Summary (Masterplots II: British and Commonwealth Fiction Series)
In The Conservationist, Nadine Gordimer abandons the conventional narrative style in an effort to unravel the personality of her protagonist, Mehring. The story is a character study of a successful South African industrial executive and, by extension, a critique of South Africa. Gordimer uses searching monologues to probe deeply into Mehring’s character, permitting Mehring to reveal himself by invoking flashbacks, memories, and the stream of consciousness.
Geographically, the point of reference is Mehring’s four-hundred-acre farm, where most of the action takes place. There Mehring is observed by the reader in relation to the human and physical landscape. Psychologically, the reference point is Mehring himself. His varied relationships with lovers, friends, and family establish the basis and define the scope of the story.
The novel begins with the discovery by black workers of a dead man on the farm. He is anonymous; no one knows anything of the details of his death, and no one disturbs the body. There he lies, abandoned, yet never entirely forgotten. Gordimer then uses the narrative to expose the shallowness and, what is more, the rootlessness of Mehring’s life. There is little sustained action. What holds the story together is the life of the farm, where the reader slowly comes to know Mehring. Mehring’s black laborers go about their work whether he is there or not. His Boer neighbors remain aloof, suspicious of a rich, amateur “city” farmer, and his lover provokes him with her idealistic, liberal views. The Conservationist, therefore, is a psychological novel, and, as such, it is an expression of the consciousness of Mehring.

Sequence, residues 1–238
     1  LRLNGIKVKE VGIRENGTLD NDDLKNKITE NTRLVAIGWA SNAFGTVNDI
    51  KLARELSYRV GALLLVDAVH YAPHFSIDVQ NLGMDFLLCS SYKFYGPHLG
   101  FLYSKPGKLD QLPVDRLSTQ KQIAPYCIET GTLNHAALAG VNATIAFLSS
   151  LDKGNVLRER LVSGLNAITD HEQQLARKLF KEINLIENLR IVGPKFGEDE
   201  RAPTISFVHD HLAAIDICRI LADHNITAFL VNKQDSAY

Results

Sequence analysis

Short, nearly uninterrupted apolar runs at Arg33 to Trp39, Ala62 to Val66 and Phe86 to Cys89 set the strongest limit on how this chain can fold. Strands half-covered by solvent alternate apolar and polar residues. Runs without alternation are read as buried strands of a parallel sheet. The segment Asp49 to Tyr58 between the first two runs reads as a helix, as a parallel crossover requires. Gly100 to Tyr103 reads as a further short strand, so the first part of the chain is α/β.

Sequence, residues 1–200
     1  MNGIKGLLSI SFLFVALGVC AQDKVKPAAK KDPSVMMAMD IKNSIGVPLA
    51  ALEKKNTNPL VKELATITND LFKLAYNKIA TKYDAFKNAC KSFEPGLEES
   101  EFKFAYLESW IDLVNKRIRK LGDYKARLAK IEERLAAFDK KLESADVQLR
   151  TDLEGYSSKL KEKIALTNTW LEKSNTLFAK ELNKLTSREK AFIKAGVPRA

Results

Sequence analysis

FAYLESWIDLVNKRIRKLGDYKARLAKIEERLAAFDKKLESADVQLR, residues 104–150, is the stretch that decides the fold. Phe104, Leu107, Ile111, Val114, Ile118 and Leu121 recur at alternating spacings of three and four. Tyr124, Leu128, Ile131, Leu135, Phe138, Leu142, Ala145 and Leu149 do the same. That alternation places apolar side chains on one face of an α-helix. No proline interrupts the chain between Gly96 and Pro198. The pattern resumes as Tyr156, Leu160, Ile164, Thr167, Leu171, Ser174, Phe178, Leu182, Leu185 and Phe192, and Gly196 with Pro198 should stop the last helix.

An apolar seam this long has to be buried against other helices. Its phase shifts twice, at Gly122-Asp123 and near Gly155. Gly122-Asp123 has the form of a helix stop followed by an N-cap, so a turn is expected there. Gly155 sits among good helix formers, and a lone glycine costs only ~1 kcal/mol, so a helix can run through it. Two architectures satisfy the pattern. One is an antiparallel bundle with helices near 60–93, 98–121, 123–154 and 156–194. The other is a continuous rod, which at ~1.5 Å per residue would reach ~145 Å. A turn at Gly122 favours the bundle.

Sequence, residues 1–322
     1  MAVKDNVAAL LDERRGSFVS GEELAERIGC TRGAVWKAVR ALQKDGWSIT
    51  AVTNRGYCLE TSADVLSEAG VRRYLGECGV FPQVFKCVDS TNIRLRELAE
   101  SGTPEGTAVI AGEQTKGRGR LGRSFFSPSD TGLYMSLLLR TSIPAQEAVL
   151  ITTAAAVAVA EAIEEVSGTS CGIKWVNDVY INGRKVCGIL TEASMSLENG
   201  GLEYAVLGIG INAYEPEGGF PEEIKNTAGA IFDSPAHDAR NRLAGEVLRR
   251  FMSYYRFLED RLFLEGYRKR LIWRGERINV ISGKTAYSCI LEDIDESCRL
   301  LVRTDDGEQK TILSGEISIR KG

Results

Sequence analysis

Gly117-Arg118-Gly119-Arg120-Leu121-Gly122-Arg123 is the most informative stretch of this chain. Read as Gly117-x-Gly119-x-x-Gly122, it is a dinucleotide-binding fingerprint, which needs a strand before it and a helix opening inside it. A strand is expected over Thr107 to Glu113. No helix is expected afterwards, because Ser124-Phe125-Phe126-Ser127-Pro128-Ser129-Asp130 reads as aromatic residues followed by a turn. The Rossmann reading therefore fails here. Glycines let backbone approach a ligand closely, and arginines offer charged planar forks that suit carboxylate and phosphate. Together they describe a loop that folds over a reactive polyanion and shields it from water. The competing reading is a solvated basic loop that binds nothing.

Meanwhile, the recurring image of the dead man in a remote corner of the farm remains a symbol, a portent of Mehring’s future and, possibly, that of South Africa.
Summary (Masterplots, Fourth Edition)
South African pig-iron industrialist Mehring returns for a weekend visit to his farm on the Transvaal to find, to his dismay, a group of children playing with a clutch of guinea eggs. Suddenly, his foreman, Jacobus, rushes up to tell him that the body of a black man has been discovered on the farm.
Mehring bought his farm because owning land is something a person of his race and class should do; the farm would be an investment, and it also could be a place for amorous escapades. Mehring would rather not be bothered with the problem of a dead body, which is simply covered and placed in a shallow, unmarked grave by white police. The police tell Mehring they will deal with the matter later.
With an image of the dead body always in the back of his mind, Mehring begins to reflect on his relationship with his former lover, Antonia, the leftist he had to spirit out of the country when her life had become endangered. He is haughty about the misdirected energies of her liberalism, yet he continues to ruminate about her. Though he dismisses her honest evaluations of his society—for whom money and industrial development are the only gods—his recalling her evaluations so vividly seems to imply a growing inability to obliterate the truth.